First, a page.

By: Kerrie Mondy
One of the blessings of having the boss I have at the Bistro is that he is understanding (or at least tolerant) of my tendency to NOT do things because “they’ve always been done that way.” I am a perpetual wonderer – the proportion of my daily thoughts that begin with “What if…”, if calculated, would probably result in some heart-to-heart talks with well-meaning friends and relatives regarding my attention to matters at hand, or the location of my car keys, or similar such nonsense. The point is, I like to explore possibilities, and my work at the Bistro has presented many opportunities – and some imperatives – to put that impulse to work.
One of the things I’ve been having a lot of fun with is digging in to our mic selection. I read the manuals and think about how the described characteristics might solve problems I have , or support something onstage, without consideration for how the mic is normally used. This has resulted in some fun discoveries. We don’t have a ton of mics, but we have an assortment of RE20s, 421s, 414s, the obligatory 57s and 58s (SM and Beta), a set of Schoepps, a couple of Neumann KMS 105s, some plate mics and pencil mics, and a microphone I’d never seen before – an EV N/D 408. That’s this guy:
We have had that mic in inventory for a long time, but no one had ever used it. Come to find out, it’s an excellent-sounding mic for upright bass, and is now my go-to for that instrument. Which is awesome, because it frees up an RE20, which in addition to putting on saxes, I have taken to using as drum overheads. Yes, drum overheads. They look goofy, but they sound really good. And when you think about it, why shouldn’t they? They are cardioids featuring very little off-axis coloration, a full frequency response, can handle high SPLs, and have an internal shock mount. I’m still experimenting with the best placement for these on the kit, but they sound natural and clear everywhere. Last week, I put a Beta 58 ( a mic I normally despise on our stage) on a twin guitar amp that tends to sound mushy in the mix and got another good result. Again, it looked weird – I placed the mic in the same position relative to the speaker that it would be being held by a person talking into it. From the booth, it looked almost parallel to the front of the amp. But looks aside, I got exactly what I was hoping to get out of it, a crisper, more defined guitar in my mix. And I got to see exactly how strong the force of habit is with us sound types in the process. The first student to play the guitar in the showcase that evening so objected to my mic choice that he took the grill off of the Beta and repositioned the mic (we corrected this). I wasn’t mad at him, but it was an interesting display of how we dismiss new ideas before we try them, just because we don’t want to appear to be doing anything outside of the established norm. And the benefits of this experimentation extend beyond “this mic on this instrument” observation. It’s also helping me get to know the mics in terms of how much unwanted sound they reject and from what directions, as well as how that sound is picked up and colored. That gives me a more complete picture of what my stage will sound like when I’m preparing my setups, which is extremely valuable to me. I’m all about taming variables.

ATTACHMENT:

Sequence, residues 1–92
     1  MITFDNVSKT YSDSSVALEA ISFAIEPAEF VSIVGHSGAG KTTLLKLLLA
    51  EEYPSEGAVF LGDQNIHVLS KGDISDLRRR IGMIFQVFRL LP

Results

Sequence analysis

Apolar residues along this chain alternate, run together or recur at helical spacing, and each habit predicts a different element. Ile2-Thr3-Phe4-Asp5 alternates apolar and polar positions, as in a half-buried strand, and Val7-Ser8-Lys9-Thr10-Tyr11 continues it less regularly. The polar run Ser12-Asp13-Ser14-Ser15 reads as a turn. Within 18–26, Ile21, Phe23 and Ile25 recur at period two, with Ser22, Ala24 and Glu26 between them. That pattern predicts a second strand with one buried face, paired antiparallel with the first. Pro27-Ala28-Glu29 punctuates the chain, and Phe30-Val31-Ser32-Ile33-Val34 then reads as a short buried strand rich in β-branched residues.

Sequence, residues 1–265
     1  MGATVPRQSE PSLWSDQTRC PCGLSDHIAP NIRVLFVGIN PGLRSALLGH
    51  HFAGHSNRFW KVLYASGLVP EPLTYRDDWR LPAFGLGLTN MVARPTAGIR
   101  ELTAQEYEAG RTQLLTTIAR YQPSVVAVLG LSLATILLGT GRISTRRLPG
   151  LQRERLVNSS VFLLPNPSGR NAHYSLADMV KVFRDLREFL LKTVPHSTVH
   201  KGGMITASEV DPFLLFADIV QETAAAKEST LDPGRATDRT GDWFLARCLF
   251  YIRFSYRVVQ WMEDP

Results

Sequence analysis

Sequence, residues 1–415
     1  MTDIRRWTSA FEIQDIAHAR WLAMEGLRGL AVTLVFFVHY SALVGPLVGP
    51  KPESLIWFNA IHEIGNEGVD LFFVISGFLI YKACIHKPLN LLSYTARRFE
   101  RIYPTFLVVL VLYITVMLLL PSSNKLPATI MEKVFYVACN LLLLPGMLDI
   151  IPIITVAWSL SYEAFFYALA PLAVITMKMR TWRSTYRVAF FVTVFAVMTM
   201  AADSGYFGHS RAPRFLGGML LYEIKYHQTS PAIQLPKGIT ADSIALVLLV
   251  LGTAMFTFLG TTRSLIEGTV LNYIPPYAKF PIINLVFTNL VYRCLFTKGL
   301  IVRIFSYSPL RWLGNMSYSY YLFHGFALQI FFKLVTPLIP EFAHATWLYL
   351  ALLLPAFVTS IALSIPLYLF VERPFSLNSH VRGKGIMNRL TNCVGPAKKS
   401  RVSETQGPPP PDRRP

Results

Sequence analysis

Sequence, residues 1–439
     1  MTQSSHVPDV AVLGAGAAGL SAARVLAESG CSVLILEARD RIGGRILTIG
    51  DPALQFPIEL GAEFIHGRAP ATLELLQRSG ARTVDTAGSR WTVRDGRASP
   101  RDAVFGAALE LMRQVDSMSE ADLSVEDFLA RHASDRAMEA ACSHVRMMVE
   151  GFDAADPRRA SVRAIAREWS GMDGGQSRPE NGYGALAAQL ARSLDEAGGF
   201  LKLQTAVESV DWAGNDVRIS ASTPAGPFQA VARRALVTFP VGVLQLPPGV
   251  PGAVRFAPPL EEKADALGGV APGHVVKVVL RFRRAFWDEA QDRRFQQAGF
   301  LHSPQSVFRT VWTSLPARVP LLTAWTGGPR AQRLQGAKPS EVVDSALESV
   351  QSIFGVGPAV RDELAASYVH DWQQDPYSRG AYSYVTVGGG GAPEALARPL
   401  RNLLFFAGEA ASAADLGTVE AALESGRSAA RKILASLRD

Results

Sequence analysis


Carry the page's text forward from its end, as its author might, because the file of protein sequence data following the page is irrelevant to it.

So, by eschewing the “well, nobody does that” school of thought, I’ve given myself a little more depth on my mic roster. My next project is for monitor world. One of the major gripes I get from artists who play at the Bistro is that the stage is dead. It’s unnerving for them. And one of the features of this is that I quite literally can’t give some of them enough of the bass in their wedges to make them happy. Part of this, I’m sure, has to do with the rung-out EQ of the monitors, and part of it just may be the cabinets themselves. What I’d like to try is deploying some “bass ONLY” wedges on the stage. I’ll try to ring out a monitor or two specifically for the purpose of reproducing bass without feedback, then place a couple of those onstage and take some of the bass mostly OUT of the individual wedges. My hope is that I’ll get a two-fold benefit – more and punchier bass out of the bass wedges, and more bang for my buck with the individual wedges by not having to worry about pumping tons of poorly-eq’d bass through them.
We’ll see. Maybe it’s a terrible idea. Not all of my “what-ifs” become “let’s-dos”. But there’s value in the process. And it’s fun. There’s value in that, too. 😉
Happy New Year!